A personal computer built to be no bigger than an index finger has been demonstrated running Id Software’s Quake 3.
Shown in the video below, a Raspberry Pi demo unit runs the 1999 game at 1080 resolution, with 4x anti-aliasing enabled, and various lighting and geometrical details set to maximum spec.
Eben Upton, who is a trustee with the Raspberry Pi Foundation, showed the game running at around 20fps. He explained his disappointment at that framerate as the Pi team have managed to run Quake 3 at much faster speeds before.
The Raspberry Pi, endorsed by UK industry veteran David Braben, is hoped will stimulate a new generation of game developers.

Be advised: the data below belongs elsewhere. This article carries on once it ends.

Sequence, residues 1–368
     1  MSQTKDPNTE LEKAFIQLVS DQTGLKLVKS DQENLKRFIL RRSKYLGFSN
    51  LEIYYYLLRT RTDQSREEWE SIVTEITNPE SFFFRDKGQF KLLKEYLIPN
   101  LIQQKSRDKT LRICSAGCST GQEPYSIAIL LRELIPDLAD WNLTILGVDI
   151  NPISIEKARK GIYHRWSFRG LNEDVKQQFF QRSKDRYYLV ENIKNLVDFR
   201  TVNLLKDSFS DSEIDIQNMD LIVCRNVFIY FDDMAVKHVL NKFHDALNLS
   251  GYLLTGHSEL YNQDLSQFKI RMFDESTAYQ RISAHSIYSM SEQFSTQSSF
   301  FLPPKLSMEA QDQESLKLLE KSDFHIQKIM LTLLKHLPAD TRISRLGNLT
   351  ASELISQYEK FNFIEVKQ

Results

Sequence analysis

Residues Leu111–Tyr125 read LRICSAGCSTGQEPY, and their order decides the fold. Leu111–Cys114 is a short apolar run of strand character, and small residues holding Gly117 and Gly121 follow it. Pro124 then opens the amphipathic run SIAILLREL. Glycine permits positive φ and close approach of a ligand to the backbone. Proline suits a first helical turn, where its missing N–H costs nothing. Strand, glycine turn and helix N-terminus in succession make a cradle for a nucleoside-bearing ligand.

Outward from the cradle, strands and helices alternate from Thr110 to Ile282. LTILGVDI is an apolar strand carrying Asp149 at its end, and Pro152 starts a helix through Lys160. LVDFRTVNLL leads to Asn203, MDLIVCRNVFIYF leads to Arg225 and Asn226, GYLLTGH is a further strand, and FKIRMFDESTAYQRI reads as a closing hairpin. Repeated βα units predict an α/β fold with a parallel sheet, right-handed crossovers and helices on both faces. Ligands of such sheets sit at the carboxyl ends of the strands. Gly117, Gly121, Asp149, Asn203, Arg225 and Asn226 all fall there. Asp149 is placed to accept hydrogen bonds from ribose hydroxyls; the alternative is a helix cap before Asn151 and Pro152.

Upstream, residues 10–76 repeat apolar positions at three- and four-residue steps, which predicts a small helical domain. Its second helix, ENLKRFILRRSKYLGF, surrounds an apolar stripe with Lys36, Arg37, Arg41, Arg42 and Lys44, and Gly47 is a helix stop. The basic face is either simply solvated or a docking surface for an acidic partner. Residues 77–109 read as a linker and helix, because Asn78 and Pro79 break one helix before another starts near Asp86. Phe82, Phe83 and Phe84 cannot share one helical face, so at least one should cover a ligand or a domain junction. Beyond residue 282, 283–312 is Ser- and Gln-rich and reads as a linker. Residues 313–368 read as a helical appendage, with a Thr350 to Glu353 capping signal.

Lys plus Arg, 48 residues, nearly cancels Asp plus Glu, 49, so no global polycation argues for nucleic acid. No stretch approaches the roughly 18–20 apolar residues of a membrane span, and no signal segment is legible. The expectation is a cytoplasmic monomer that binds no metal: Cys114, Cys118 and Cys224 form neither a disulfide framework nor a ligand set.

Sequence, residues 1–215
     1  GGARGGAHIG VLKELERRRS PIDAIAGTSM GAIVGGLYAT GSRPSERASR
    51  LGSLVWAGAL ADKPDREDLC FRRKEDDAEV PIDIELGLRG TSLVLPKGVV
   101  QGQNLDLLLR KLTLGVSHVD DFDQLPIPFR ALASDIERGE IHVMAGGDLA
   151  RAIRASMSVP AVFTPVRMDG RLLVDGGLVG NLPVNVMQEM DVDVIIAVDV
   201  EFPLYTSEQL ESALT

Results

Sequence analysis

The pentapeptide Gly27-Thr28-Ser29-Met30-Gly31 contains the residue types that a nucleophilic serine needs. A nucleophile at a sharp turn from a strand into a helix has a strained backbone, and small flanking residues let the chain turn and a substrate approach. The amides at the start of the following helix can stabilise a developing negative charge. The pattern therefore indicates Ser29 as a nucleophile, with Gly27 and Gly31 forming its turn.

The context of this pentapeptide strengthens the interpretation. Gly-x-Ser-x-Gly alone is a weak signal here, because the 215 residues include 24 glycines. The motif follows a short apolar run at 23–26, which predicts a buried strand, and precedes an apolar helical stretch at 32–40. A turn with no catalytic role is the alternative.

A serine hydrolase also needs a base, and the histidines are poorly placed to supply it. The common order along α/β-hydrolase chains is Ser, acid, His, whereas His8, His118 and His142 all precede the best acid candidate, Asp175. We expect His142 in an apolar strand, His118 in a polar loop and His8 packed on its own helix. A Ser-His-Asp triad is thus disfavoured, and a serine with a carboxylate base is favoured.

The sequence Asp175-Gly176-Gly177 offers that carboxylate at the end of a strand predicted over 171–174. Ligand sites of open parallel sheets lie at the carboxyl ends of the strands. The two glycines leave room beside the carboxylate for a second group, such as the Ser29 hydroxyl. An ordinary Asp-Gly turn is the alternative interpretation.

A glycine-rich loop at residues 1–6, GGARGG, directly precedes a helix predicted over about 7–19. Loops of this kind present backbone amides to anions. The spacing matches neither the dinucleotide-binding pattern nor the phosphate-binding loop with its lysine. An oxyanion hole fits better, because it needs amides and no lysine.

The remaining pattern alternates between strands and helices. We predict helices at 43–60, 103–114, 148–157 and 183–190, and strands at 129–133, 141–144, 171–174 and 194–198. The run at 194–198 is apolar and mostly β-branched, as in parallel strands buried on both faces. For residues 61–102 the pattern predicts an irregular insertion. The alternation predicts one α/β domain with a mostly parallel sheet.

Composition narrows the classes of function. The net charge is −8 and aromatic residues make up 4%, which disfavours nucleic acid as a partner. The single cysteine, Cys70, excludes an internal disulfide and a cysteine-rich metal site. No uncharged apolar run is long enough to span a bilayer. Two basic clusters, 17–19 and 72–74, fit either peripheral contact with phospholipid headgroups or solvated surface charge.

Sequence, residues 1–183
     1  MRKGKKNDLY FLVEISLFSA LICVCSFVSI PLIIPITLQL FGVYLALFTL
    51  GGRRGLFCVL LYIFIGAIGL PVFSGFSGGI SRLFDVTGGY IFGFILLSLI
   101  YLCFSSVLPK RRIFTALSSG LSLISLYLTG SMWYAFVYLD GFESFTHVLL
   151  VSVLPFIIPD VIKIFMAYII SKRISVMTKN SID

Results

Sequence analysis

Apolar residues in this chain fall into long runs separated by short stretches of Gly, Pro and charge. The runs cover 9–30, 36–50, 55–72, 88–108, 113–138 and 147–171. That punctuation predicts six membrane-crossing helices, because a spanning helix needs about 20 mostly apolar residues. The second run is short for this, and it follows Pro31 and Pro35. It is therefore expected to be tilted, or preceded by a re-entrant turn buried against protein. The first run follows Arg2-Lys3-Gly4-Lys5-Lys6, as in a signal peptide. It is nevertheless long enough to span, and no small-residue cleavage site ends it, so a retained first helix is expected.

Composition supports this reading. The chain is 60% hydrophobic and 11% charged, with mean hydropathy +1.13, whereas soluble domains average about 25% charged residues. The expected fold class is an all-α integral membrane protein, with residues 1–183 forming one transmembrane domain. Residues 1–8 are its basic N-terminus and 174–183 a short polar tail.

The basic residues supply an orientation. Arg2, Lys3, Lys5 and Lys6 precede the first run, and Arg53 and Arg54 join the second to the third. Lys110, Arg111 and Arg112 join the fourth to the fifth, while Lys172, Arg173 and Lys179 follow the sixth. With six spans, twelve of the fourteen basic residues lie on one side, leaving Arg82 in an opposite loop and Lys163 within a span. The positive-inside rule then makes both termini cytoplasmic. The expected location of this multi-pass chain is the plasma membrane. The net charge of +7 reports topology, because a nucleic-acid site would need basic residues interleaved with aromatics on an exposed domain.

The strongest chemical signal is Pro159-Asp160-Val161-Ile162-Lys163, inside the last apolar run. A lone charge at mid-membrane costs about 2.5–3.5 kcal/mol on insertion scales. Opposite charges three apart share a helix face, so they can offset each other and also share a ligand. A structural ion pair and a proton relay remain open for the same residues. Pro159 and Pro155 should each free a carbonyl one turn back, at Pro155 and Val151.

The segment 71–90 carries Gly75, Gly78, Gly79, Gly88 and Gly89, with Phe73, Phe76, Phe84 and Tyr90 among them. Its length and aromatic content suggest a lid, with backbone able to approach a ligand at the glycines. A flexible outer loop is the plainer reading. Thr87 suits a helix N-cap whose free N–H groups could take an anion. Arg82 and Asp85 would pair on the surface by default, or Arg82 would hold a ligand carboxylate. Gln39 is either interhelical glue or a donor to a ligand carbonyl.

Braben believes the £15 microcomputer could be the answer to “boring” ICT school lessons which he believes shares responsibility in the UK’s so-called ‘brain-drain’.
The Raspberry Pi, if built to fulfil objectives, would give students access to a full PC experience and, crucially, allow them to cut their teeth on creative computer programming.
No date has been set for a final build.